JESSIE: Appliances need a spring-cleaning too
For some people, spring-cleaning efforts are focused on washing windows, vacuuming furniture, cleaning curtains and rotating mattresses.
It’s OK if you’re not one of the “some” that do these chores every spring, or ever. We all do the best we can when our time and resources are limited.
This spring, try to give some of your appliances a refresh by placing them on your spring-cleaning list.
Grime lurks in places you cannot see, causing some appliances to work inefficiently. So, don’t ignore these hard-working helpers when you get ready to clean.
Ideally, you should give all your appliances a good cleaning, but here are just a handful to start with.
When necessary, remember to unplug your appliance before cleaning.
Traditional drip coffeemaker: This appliance can be a bacteria breeding ground. Remove old coffee grounds and the filter after each use, wipe surfaces and allow the water reservoir to dry.
To remove mineral deposits, you should run a cycle with half vinegar and half water using a paper filter. Turn it off, and let it sit for an hour after half of the liquid has brewed, then finish the cycle. Replace the paper filter, and run two cycles with only fresh water to flush any vinegar residue.
Dishwasher: Wipe around the gasket area of the door, and clean any food filters in the bottom of the dishwasher tub. Then run an empty cycle with a glass full of vinegar on the top rack.
Microwave: Wiping the inside often will prevent food buildup. Here’s what you can do if your microwave needs to be rescued. Fill a heat-proof container with one cup of water and one tablespoon of white vinegar then microwave for several minutes or until half of the mixture has evaporated. Turn off the microwave, and leave the container inside with the door closed for 10 minutes.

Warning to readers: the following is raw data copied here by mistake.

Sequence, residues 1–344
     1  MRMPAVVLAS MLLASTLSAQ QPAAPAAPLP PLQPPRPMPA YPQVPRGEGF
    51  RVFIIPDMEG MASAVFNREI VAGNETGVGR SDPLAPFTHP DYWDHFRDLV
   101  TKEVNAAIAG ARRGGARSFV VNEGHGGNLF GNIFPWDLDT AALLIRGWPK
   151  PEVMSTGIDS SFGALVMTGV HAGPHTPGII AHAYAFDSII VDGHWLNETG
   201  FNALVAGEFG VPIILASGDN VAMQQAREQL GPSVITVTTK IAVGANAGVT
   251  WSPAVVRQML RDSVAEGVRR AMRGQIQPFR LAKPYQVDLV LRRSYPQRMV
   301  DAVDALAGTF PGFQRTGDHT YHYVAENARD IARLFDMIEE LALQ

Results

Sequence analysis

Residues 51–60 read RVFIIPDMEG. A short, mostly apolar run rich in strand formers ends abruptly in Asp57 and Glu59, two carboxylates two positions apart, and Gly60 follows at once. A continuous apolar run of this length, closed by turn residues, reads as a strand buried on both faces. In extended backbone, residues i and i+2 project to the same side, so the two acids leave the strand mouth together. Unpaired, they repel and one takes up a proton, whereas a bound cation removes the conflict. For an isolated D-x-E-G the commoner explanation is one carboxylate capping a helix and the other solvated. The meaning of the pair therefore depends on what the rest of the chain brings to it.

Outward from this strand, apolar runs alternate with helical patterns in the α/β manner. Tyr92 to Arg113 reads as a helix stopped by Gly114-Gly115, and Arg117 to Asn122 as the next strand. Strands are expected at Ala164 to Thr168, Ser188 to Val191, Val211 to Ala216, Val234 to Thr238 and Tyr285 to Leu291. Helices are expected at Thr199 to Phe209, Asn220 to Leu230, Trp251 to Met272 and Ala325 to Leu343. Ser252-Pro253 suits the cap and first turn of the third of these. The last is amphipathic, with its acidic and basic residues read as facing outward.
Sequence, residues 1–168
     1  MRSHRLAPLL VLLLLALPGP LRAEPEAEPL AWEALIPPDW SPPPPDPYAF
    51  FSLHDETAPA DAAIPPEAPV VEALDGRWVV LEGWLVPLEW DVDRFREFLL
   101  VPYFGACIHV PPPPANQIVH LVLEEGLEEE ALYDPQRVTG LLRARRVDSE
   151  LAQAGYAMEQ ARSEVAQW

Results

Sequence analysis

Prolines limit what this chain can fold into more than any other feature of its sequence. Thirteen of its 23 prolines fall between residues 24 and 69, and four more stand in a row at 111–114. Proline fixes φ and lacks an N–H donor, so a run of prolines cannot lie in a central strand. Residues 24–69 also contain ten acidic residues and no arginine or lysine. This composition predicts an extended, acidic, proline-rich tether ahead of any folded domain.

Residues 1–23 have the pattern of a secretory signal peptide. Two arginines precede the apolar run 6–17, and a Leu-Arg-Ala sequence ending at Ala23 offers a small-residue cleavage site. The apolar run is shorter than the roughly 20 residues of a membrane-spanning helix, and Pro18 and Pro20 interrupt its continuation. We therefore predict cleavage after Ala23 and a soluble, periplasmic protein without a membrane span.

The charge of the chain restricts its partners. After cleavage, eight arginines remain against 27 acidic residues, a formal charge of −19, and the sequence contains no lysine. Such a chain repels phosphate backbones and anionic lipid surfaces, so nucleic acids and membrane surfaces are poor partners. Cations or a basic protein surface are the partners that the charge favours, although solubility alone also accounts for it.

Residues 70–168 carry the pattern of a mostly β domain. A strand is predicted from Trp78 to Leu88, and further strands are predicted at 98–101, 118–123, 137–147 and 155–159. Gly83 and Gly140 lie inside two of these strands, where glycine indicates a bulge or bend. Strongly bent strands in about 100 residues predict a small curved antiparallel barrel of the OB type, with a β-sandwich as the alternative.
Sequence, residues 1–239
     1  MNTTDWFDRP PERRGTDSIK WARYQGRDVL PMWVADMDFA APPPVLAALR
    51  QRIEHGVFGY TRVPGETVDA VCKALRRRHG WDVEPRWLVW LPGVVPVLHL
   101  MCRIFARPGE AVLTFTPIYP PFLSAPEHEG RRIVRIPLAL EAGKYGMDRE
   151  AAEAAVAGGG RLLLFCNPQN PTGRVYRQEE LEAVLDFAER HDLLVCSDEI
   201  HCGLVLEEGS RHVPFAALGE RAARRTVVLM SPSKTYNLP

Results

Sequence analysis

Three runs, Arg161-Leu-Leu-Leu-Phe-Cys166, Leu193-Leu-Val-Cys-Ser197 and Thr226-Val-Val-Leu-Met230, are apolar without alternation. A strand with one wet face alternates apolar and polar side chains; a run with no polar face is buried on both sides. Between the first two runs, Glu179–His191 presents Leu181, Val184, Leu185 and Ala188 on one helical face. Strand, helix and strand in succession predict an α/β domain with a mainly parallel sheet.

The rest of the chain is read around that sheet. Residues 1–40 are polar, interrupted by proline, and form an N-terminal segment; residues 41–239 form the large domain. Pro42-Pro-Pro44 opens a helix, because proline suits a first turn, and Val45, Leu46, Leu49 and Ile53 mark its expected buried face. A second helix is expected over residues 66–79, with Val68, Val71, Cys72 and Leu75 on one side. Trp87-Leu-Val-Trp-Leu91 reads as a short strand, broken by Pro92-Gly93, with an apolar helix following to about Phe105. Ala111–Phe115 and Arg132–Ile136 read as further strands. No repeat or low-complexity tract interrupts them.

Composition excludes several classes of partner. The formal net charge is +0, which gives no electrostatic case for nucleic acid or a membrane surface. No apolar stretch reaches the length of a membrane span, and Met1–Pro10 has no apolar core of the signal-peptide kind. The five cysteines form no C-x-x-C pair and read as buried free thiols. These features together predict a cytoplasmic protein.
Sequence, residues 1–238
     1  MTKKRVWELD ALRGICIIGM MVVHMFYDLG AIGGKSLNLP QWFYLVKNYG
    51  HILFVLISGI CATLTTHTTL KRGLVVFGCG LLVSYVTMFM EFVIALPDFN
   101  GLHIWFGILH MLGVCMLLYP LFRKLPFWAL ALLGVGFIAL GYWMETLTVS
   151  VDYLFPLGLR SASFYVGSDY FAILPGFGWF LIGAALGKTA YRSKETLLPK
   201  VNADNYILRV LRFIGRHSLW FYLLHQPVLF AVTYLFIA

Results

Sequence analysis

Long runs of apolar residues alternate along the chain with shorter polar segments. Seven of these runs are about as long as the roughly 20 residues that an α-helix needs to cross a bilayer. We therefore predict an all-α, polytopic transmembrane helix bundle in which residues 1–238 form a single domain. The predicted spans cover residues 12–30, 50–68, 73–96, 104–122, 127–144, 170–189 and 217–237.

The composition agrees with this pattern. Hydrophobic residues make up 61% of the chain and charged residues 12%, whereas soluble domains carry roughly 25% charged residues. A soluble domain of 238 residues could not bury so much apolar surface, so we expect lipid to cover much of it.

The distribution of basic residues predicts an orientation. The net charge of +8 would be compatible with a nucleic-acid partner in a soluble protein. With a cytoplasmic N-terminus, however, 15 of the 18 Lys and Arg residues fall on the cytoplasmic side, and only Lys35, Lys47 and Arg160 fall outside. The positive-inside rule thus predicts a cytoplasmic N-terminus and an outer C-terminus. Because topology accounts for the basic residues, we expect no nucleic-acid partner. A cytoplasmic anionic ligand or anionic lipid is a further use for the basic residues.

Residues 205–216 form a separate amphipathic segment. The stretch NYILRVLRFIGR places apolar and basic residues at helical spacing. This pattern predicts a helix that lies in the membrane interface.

Carefully remove the half-full container (it may be very hot), and wipe the interior with a clean cloth or sponge. If there is a glass turntable, remove it and wash it.
Clothes washer: If your machine has a removable detergent or softener dispenser, take it out and wash it in soapy water, then return the dispenser.
Add one cup of bleach directly to the washer and run an empty load on a long cycle or cleaning cycle. Wipe down the interior and gaskets when the cycle is finished.
It’s a good idea to wash a white load next in case there is some bleach residue in the washer. If possible, leave your washer door or lid and detergent dispenser drawer open when the washer is not in use to prevent mold-causing moisture buildup.
Garbage disposal: Take precautions by turning off the power to the disposal switch before you start cleaning.
Most rubber gaskets at the drain area can be removed, cleaned and put back. A lot of gunk can collect here.
Use an old toothbrush to clean around the gasket area. Add baking soda and the peel of a citrus fruit to freshen the disposal. Be sure to flush the drain with plenty of water as you run the disposal with the peel.
Refrigerator: To maintain peak performance, this is one major appliance that will benefit from a thorough cleaning. Not only should you periodically remove the contents and wipe down the interior, you should clean the outside as well.
Remember to change any water filters, and check your owner’s manual for details about caring for the condenser at the bottom or top of the fridge. These should be vacuumed because they collect dust.
You should empty and clean the drip pan that most refrigerators have at or near their bottoms, and see if your older model needs to be defrosted.
Spring may inspire us to do our once-a-year deep-clean around the house. But if we spend just a few extra minutes each day wiping surfaces and putting things away, it’s easier to keep our homes clean and tidy all year long.
Karli Jessie is the agent for family and consumer sciences at the Jessamine County Cooperative Extension Service. She can be reached at firstname.lastname@example.org.